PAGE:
Farmer's revelation that Nemo is Sherlock Holmes's nemesis James Moriarty is compelling. But an interesting typo appears in the TOR edition, which says: "IT IS not likely that... Captain Nemo... is... James Moriarty," when it should have said "IS IT not likely..." (My emphasis.) I think further research into this whole question is needed. This is a pretty broad typo to be in this particular place. Apparently, the project of revealing Nemo's true identity was obfuscated right up to the time of publication, with Farmer trying to get his information across, though with the enemy aliens trying to tamper with the text right through the publication process, to desperately prevent the truth from being stated in plain English. It seems the alien war extends right onto the desks of the editors themselves. It will be interesting to see what this much-lauded new edition is like. Upon what small editorial matters will the angels, or should I rather say aliens, dance?
Farmer knows the situation well enough to be given a reading. He knows for example that Nemo cannot be a trustworthy person, since he has "the black eyes of the Byronic hero-villain." He remarks on "the superior Anglo-American literary code which requires all heroes to have steely grey eyes." This was one aspect of the ways things are that Edgar Rice Burroughs understood when he told us John Carter has grey eyes. His eye color tells us he is trustworthy, a genuine hero, and no villain. But I wonder whether, even with his erudition and insight, Farmer was ever ready for the truth about Burroughs and Mars. If he knew about it, he took the secret with him to his grave.
Farmer withholds some facts that are too hot to handle, but leaves it to the inferrential powers of his readers. It should be obvious that the unnamed American Eridanean scientist whose lab burns down is Tesla. But of course the secret truth about the use by the US government of Tesla technologies, and their suppression by American industry insistent to make continued profits using the old technology, means that Tesla has to be downplayed here. Farmer's big mistake was to succumb to one certain temptation. He tried to write himself into the story in a conspicuous way. On the last page he dissembles coyly about the most important of these, when he says, a propos of nothing, that it is only a coincidence that his and Phileas Fogg's names have the same initials. You are by this time supposed to find it suddenly very easy to figure out that the real reason Philip Farmer knows so much about Phileas Fogg, is that Philip Farmer is, in fact, Phileas Fogg. However, this could not be the case. Farmer never knew know how Fogg got to Sacramento. If he had been Fogg, he would not have failed to relate that item. And there is no reason an alien would leave his name prone to decypherment through similar initials in names. On that point, Farmer is just playing with us. Or perhaps, he knows enough to be Fogg's brother, but simply doesn't know the last detail.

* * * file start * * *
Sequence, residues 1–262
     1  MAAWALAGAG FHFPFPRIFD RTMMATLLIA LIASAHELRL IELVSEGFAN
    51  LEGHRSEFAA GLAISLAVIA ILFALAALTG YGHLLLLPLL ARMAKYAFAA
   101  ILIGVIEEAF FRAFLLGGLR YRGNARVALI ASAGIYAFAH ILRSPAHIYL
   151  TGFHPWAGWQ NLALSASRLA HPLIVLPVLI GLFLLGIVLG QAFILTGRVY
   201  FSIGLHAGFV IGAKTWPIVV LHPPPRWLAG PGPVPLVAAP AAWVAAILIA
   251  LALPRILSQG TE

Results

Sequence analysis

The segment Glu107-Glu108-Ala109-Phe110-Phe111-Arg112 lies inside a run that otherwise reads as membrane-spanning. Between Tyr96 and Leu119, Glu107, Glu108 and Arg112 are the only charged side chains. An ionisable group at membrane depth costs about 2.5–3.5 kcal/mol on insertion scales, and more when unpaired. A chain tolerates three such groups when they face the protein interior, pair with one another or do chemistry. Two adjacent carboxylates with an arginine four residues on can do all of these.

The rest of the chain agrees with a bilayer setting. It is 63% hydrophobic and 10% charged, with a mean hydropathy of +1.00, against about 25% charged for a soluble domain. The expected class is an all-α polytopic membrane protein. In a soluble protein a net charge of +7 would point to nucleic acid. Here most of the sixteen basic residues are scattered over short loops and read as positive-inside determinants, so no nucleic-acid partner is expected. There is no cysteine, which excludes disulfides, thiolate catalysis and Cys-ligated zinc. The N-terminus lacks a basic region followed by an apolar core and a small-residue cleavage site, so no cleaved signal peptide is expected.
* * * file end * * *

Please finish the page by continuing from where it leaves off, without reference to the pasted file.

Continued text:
There is a large and growing literature that has been passed through writers who acknowledge that they are not writers, and actually call themselves merely editors: in this discussion alone we have met with Farmer, Verne, and Burroughs. There are many others. Some people think there may be some truth in Solzhenitsyn, for example. I believe that it is time for a comprehensive history of transmitted histories to be compiled and written by some ambitious crossover historian, eager to make a name for himself by blowing wide open a whole world of knowledge previous thought merely "fictional."
Second version posted 2/15/2012, same day as the first, by CAPF, Ph.D.